Story by Charlotte Dekle and Alison Wang
Photo by Erin Lee
The City Council approved a letter of opposition to the defunding of law enforcement at Metro stations at its meeting on Wednesday, Dec. 1. This letter comes as a result of a recommendation made by the Metro Public Safety Advisory Committee (PSAC) for the greater Los Angeles area to fully remove uniformed law enforcement from Metro operations.
In February 2017, Metro approved a law enforcement contract with the Los Angeles County Sheriff, Los Angeles Police Department and Long Beach Police Department. The three departments were contracted to provide policing services on rail and bus lines. In June 2017 then-councilmember Diana Mahmud and then-mayor Michael Cacciotti requested a letter be sent to Metro addressing the lack of visible law enforcement on South Pasadena’s rail and bus lines.
Mayor Mahmud’s letter has since been revised and presented to the council. The letter outlines the primary reasons for the opposition, ranging from delayed crime response to lack of resources.
“It is clear that local municipalities and jurisdictions would face immense challenges if Metro were to reduce the presence of law enforcement on rail lines, platforms, and buses,” the letter reads.
PSAC was formed following the murder of George Floyd by police in 2020 to reform the current policies and reallocate resources from policing to community safety alternatives. The board, consisting of community members, alternates, and ex-official employees, incorporates Community Safety and Community Working Services, advocacy organizations, and ridership organizations to address community needs.
The November 18 proposal attempted to re-allocate the $75 million intended for the police contract to an unvetted alternative. According to the proposal, the job of policing at Metro stations will also be reallocated to local police station jurisdictions.
“[Our] proposal is not to eradicate the police, but rather to have Metro not pay for a special contract,” the proposal states. “Instead, responding to issues on the Metro system would be the responsibility of the individual municipal police departments as part of their standard tasks.”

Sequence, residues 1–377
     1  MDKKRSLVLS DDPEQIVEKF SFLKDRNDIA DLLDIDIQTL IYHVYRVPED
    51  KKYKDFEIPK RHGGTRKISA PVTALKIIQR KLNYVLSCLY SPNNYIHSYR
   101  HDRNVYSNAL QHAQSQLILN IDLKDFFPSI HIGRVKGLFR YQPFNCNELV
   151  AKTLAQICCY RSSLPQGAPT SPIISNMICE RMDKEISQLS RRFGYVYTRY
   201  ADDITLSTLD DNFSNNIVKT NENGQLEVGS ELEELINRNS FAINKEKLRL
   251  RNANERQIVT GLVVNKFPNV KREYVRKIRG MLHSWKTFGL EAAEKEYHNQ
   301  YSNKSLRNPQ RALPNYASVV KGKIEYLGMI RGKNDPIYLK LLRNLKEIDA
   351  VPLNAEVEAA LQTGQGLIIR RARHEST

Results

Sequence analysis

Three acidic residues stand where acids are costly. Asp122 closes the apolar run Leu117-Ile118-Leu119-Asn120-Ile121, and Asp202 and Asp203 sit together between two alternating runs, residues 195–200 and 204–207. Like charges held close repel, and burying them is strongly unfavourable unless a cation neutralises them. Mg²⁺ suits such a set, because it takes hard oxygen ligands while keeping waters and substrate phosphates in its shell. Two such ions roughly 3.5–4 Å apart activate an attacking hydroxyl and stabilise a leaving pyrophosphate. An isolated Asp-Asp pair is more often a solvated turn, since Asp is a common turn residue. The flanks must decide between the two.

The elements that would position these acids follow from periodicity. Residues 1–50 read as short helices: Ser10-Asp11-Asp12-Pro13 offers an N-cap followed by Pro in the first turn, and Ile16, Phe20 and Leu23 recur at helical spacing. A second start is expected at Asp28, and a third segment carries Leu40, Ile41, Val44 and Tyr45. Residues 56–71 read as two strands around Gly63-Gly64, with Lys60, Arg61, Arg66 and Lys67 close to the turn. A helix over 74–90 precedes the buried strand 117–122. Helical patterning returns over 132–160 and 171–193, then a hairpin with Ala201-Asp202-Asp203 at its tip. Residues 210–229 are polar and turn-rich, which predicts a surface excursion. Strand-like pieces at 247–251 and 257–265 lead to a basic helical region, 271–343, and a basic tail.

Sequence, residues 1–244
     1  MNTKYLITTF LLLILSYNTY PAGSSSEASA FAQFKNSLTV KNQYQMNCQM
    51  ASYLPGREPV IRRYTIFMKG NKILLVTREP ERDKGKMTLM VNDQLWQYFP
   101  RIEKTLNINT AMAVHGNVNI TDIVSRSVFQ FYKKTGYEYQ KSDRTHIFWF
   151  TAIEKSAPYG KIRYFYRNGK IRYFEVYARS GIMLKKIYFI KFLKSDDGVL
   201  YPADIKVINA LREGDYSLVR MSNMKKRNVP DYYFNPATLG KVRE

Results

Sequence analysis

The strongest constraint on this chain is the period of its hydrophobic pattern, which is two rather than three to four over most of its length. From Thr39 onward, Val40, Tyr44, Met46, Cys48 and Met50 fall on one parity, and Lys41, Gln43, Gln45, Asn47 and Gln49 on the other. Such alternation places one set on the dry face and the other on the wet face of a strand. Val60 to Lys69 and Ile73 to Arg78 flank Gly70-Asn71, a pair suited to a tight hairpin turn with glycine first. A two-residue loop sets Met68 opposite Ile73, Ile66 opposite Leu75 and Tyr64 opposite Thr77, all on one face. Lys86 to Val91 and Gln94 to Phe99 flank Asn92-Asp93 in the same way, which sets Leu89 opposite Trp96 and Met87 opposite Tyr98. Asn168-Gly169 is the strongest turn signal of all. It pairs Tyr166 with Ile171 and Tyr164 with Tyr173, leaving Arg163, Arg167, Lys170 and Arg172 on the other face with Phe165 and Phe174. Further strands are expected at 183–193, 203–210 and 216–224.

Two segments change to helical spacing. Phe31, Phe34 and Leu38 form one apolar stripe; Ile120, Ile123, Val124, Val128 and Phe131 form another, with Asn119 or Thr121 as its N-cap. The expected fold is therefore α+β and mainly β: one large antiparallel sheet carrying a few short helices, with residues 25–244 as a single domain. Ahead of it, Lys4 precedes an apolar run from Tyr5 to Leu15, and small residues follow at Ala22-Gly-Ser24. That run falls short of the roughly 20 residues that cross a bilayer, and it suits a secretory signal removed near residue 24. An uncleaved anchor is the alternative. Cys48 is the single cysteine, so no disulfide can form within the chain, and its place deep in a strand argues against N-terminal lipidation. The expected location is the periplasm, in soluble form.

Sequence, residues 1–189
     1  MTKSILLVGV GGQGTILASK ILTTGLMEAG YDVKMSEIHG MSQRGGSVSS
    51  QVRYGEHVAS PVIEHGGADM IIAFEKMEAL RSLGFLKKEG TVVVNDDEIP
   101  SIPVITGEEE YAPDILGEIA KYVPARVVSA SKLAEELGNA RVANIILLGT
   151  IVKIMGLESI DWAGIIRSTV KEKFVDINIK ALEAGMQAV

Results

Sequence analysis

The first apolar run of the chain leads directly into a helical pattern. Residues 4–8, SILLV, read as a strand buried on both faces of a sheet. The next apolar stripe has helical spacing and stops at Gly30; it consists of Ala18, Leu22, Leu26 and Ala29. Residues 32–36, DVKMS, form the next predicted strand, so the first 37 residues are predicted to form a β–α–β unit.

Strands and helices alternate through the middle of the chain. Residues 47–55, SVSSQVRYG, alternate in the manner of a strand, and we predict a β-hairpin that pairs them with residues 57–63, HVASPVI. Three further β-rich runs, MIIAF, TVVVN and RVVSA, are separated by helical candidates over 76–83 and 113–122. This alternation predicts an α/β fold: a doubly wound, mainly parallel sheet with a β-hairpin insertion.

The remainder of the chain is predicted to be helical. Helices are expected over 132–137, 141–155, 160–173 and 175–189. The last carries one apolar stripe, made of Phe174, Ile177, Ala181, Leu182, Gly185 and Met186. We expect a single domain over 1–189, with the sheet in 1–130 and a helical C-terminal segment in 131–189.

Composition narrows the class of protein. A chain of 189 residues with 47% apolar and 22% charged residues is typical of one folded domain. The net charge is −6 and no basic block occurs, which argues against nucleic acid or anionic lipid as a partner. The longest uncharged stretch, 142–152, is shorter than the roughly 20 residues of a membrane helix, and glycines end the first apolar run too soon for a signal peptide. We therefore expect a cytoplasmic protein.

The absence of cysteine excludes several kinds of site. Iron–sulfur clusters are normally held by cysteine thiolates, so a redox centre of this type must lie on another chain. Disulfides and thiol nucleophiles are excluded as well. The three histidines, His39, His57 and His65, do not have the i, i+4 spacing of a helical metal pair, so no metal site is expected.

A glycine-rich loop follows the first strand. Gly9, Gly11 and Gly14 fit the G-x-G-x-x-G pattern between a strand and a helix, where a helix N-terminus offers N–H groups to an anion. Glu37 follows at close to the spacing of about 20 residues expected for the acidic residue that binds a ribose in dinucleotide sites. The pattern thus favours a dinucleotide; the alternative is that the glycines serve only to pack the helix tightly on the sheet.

During the public comment section of the proceedings, resident and local activist John Srebalus expressed his disapproval regarding the council’s action with an impassioned speech about the racial and economic inequities of Metro policing.
“You misrepresent the PSAC when you say they aim to fully defund law enforcement,” Srebalus said. “This is a dog whistle and yet another flavor of your resistance to a policy that dares to make life better for the unhoused people and POC. Half of all people cited on Metro are Black but only 18% of all Metro riders are Black…The PSAC still plans to employ peace officers aboard Metro transit. These service oriented officers will in fact be better equipped for situations that unfold on our transit system.”
However, Mayor Pro Tem Cacciotti articulated that the proposal presented was $75 million allocated towards law enforcement or nothing.
“We really agree, there needs to be a new model and more resources, but the decision we were given on short notice was zero funding for law enforcement. I can’t accept it,” Caccoiti said.
Cacciotti, Mahmud and councilmember Jon Primuth all echoed the sentiment of the lack of police presence leading to unchecked crime. Police Chief Brian Solinski also presented details of the kinds of metro-related calls that the SPPD receives.
“653 calls with the police department going on, specifically related to the [metro lines],” Solinksi said. “It includes a lot of suspicious people, but it also includes assault, assault with deadly weapons, suspicious death; a number of things that really take resources away.”
The action was unanimously passed and will be submitted for consideration within Metro’s larger committee. If approved, the proposal will eliminate all law enforcement from Metro stations along the Yellow Line, including at the South Pasadena stop.